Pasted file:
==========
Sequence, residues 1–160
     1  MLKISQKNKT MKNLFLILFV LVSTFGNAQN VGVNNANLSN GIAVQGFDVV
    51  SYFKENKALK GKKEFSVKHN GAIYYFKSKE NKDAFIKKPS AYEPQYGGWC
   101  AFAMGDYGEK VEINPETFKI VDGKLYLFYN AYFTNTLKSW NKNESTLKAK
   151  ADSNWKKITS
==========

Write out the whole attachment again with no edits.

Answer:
Sequence, residues 1–160
     1  MLKISQKNKT MKNLFLILFV LVSTFGNAQN VGVNNANLSN GIAVQGFDVV
    51  SYFKENKALK GKKEFSVKHN GAIYYFKSKE NKDAFIKKPS AYEPQYGGWC
   101  AFAMGDYGEK VEINPETFKI VDGKLYLFYN AYFTNTLKSW NKNESTLKAK
   151  ADSNWKKITS